Tech Industry

Analyst reports: Industry downturn hits programmable chip giant

Wall Street is no longer smiling on the semiconductor industry, particularly No. 1 programmable chipmaker Xilinx.

Wall Street is no longer smiling on the semiconductor industry, particularly No. 1 programmable chipmaker Xilinx.

Xilinx management updated analysts Monday on performance for the fiscal third quarter, lowering estimates for sequential revenue growth to about 5 percent from 12 percent previously. Executives blamed the shortfall on a slowdown in bookings in November from large North American customers, but they emphasized that bookings from Europe, Japan and Southeast Asia remain on track for the quarter, which ends in December.

The San Jose, Calif.-based semiconductor company--which uses contractors for manufacturing--is the world's largest maker of programmable semiconductors. It produces logic devices such as field programmable gate arrays, complex programmable logic devices, software design tools, logic cores, and field engineering support for the communications and data processing markets.

A raft of analysts bashed the stock in research notes issued Tuesday morning. Although few analysts downgraded the stock, those who maintained "buy" ratings slashed target prices and revenue estimates based on the warning and a broader slowdown in the semiconductor sector.

One of the first signs of a widely anticipated slowdown came Nov. 29, when Altera warned that fourth-quarter revenue will be flat, with $395 million generated in the third quarter. The San Jose, Calif.-based semiconductor company previously forecast revenue growth of 12 percent.

On Monday, the Semiconductor Industry Association announced that worldwide sales of semiconductors had reached record levels, but the rate of sales growth was dropping.

The trade group said October sales increased 39 percent from October of last year to a record $18.66 billion. In September, sales increased 45 percent from the same period a year earlier, and year-over-year sales growth was 53 percent in August. Month-over-month sales just barely improved, with October 2000 sales inching up only 1.3 percent from $18.42 billion in September--the lowest increase of the year.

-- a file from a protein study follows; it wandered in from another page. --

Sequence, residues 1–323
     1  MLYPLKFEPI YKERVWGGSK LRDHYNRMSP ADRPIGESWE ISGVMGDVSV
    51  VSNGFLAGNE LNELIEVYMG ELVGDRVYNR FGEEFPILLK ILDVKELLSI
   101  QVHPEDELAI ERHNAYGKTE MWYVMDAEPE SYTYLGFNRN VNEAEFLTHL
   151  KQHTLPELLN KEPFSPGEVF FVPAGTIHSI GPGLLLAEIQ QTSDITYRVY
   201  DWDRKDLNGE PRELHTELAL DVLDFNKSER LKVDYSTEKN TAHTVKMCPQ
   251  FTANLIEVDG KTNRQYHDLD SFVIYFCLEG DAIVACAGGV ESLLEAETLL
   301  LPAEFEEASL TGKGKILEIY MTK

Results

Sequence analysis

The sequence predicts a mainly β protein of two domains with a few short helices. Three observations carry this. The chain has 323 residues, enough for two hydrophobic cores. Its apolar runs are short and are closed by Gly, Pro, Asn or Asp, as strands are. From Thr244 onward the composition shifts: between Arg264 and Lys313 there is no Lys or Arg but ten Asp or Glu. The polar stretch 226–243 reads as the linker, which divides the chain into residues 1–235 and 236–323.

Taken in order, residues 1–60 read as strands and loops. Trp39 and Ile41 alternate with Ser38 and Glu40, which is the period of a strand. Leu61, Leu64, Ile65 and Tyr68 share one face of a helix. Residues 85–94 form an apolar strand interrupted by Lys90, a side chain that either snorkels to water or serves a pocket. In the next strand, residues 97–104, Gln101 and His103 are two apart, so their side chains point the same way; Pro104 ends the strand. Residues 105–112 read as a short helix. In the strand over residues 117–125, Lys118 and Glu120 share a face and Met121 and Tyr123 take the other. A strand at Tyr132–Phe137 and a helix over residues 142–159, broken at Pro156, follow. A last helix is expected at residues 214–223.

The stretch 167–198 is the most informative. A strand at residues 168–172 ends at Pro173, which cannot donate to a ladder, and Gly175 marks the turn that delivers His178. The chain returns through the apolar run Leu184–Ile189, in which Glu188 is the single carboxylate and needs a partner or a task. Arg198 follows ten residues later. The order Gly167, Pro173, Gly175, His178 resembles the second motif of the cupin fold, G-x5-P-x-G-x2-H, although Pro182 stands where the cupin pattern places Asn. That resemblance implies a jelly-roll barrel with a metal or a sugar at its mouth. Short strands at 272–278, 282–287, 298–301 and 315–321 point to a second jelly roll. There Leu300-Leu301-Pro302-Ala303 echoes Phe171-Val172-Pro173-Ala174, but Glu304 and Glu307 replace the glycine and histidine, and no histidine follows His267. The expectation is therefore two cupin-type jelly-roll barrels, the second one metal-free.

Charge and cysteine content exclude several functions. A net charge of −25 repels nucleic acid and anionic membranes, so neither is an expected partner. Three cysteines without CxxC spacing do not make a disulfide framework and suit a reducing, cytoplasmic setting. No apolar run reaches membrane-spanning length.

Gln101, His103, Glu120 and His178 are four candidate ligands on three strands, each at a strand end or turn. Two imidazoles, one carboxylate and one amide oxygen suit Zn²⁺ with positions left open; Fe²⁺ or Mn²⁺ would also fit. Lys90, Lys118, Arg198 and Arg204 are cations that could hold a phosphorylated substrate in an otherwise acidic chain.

Gerard Klauer Mattison analyst John M. Geraghty reiterated a "buy" rating but cut his 12-month price target to $65 from $105. Analyst Bradley L. Mook at PMG Capital maintained a "buy" rating but slashed his 12-month price target to $77 from $94 per share. Analyst David Wu at ABN AMRO maintained his "buy" rating but cut his 12-month price target to $60 from $70 per share.

Xilinx stock fell 12 percent to $36.75 in after-hours trading Monday, after executives issued their warning. But the euphoric stock market lifted Xilinx shares to $42.81 in midday trading Tuesday, up 2.7 percent from its closing price Monday.

WR Hambrecht analysts Jim Liang and Heather Vane reduced their revenue and earnings-per-share estimates for fiscal 2001 to $1.74 billion and $1.22 per share, from $1.77 billion and $1.26 per share. The duo maintained a "neutral" rating.

"We believe the inventory correction we called for...is starting to occur, as evidenced by pre-announcements from both Altera and Xilinx," Liang and Vane wrote in a research note issued Tuesday. "We believe Xilinx's current share valuation has, to a large extent, discounted the downside of an inventory correction. However, we do not see any near-term positive catalyst for the shares, and we therefore maintain our 'neutral' rating."

Merrill Lynch analyst Christopher Danely speculated an inventory correction will last at least two quarters, given lower-than-expected fourth-quarter demand and "the questions on the economy." But the analyst rated the stock "accumulate" because it is at or near its bottom.

"We believe the company has now set the bar low enough that unless the economy and semiconductor market completely collapse, the company should be able to meet or exceed estimates going forward," Danely wrote in a research note issued Tuesday. "However, we believe several other pre-announcements will follow as the inventory build extends across the communications landscape, and think the stock will mark time near term until the company gains more visibility."

UBS Warburg analysts Gregory Mischou and Kelley Yukich reiterated their "buy" rating on Xilinx but lowered their earnings-per-share estimates for fiscal 2001 to $1.24 from $1.30. They also lowered their estimates for fiscal 2001 to $1.59 from $1.80 per share, and they slashed their 12-month target price to $52 from $80 per share.

"Due to the weaker-than-expected results now anticipated in North America, management expects to exit the quarter with inventory days at the high end of the 150-180 day range it targeted earlier in the quarter," Mischou and Yukich wrote in a research note issued Tuesday morning. "We continue to look cautiously toward (the first quarter of 2001) as the extent of the component inventory issue remains unclear. Overall, we believe that long-term fundamentals continue to look positive for Xilinx and we expect to see continued strong results for the Virtex and Spartan II product families."